2019 Dodge Charger vs. 2019 Nissan Maxima

Detailed Review, Specifications & Comparison

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Safety

The Charger offers all-wheel drive to maximize traction under poor conditions, especially in ice and snow. The Maxima doesn’t offer all-wheel drive.

Both the Charger and the Maxima have standard driver and passenger frontal airbags, front side-impact airbags, side-impact head airbags, front seatbelt pretensioners, height adjustable front shoulder belts, plastic fuel tanks, four-wheel antilock brakes, traction control, electronic stability systems to prevent skidding, daytime running lights, rearview cameras, available crash mitigating brakes, lane departure warning systems, blind spot warning systems and rear cross-path warning.

The National Highway Traffic Safety Administration does 35 MPH front crash tests on new vehicles. In this test, results indicate that the Dodge Charger is safer than the Nissan Maxima:

 

Charger

Maxima

 

Passenger

STARS

4 Stars

4 Stars

HIC

96

103

Chest Compression

.7 inches

.7 inches

Neck Compression

42 lbs.

52 lbs.

Leg Forces (l/r)

267/469 lbs.

840/589 lbs.

New test not comparable to pre-2011 test results. More stars = Better. Lower test results = Better.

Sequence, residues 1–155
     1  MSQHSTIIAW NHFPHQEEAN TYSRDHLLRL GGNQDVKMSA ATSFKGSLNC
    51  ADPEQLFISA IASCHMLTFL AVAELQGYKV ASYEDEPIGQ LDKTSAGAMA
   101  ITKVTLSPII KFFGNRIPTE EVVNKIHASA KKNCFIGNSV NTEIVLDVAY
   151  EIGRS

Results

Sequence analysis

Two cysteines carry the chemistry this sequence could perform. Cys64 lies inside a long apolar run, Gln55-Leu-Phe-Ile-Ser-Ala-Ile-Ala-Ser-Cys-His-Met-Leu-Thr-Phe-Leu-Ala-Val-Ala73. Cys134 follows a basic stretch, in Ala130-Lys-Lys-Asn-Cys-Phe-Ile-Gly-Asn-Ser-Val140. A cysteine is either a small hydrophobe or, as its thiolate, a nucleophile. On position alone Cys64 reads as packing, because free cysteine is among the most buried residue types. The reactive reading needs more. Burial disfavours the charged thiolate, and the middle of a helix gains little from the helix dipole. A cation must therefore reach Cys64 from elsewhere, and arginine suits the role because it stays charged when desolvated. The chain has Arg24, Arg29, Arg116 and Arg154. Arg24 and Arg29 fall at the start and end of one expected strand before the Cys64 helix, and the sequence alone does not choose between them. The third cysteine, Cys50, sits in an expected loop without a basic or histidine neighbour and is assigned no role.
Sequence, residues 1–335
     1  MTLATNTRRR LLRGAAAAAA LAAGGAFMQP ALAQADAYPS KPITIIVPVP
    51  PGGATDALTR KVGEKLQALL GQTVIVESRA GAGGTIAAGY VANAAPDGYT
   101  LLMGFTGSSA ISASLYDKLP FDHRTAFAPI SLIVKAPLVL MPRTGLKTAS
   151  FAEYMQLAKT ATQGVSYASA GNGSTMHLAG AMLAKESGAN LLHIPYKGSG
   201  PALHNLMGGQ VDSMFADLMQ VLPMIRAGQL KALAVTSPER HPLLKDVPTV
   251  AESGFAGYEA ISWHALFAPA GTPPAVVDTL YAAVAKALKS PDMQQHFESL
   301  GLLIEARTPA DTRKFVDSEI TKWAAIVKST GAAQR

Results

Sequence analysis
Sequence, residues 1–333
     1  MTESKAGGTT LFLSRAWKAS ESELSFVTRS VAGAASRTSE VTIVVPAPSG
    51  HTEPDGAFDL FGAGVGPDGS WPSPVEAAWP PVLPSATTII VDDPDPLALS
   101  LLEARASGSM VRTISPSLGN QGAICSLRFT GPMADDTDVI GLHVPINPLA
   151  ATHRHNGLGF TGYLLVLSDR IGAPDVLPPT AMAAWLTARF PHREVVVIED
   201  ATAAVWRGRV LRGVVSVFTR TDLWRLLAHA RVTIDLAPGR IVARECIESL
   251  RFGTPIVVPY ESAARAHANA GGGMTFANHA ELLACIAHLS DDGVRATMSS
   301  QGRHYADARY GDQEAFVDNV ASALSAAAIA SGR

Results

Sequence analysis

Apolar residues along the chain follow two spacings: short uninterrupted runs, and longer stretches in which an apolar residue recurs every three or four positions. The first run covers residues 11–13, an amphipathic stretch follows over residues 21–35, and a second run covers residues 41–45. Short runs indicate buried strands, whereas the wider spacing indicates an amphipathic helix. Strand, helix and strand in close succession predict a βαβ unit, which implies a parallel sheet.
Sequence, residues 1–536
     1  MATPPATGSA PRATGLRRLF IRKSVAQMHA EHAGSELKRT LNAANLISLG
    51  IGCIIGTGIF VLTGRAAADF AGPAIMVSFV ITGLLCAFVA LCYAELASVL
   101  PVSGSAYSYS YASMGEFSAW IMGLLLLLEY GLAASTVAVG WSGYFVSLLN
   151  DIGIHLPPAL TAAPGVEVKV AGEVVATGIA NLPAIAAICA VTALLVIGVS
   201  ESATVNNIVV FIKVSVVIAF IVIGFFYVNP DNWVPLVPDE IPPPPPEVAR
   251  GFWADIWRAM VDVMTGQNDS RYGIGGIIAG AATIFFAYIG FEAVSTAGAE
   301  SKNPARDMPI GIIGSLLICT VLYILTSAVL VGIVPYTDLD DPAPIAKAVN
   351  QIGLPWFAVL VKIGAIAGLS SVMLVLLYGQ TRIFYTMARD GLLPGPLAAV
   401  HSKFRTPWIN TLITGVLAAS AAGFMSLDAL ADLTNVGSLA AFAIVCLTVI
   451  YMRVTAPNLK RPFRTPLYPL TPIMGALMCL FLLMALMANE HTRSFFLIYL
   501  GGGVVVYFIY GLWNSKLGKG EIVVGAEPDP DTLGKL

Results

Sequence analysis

The National Highway Traffic Safety Administration does side impact tests on new vehicles. In this test, which crashes the vehicle into a flat barrier at 38.5 MPH and into a post at 20 MPH, results indicate that the Dodge Charger is safer than the Nissan Maxima:

 

Charger

Maxima

 

Rear Seat

STARS

5 Stars

5 Stars

HIC

164

391

Spine Acceleration

44 G’s

57 G’s

Hip Force

243 lbs.

591 lbs.

 

Into Pole

STARS

5 Stars

4 Stars

Max Damage Depth

15 inches

16 inches

HIC

270

300

Spine Acceleration

48 G’s

53 G’s

Hip Force

692 lbs.

997 lbs.

New test not comparable to pre-2011 test results. More stars = Better. Lower test results = Better.

Warranty

There are over 2 times as many Dodge dealers as there are Nissan dealers, which makes it much easier should you ever need service under the Charger’s warranty.

Reliability

To reliably power the ignition and other systems and to recharge the battery, the Charger has a standard 160-amp alternator (180-amp - Charger AWD/R/T and 220 Scat Pack/Daytona). The Maxima’s 150-amp alternator isn’t as powerful.

The battery on the Charger is in the trunk, which protects it from hot underhood temperatures that can degrade battery life. By keeping the Charger’s battery 20 to 30 degrees cooler, its life is increased by years. The Maxima’s battery is in the hot engine compartment.

Engine

The Charger R/T’s standard 5.7 V8 produces 70 more horsepower (370 vs. 300) and 134 lbs.-ft. more torque (395 vs. 261) than the Maxima’s 3.5 DOHC V6. The Charger R/T Scat Pack/Daytona 392’s standard 6.4 V8 produces 185 more horsepower (485 vs. 300) and 214 lbs.-ft. more torque (475 vs. 261) than the Maxima’s 3.5 DOHC V6.

As tested in Motor Trend the Charger 6.4 V8 is faster than the Nissan Maxima:

 

Charger

Maxima

Zero to 60 MPH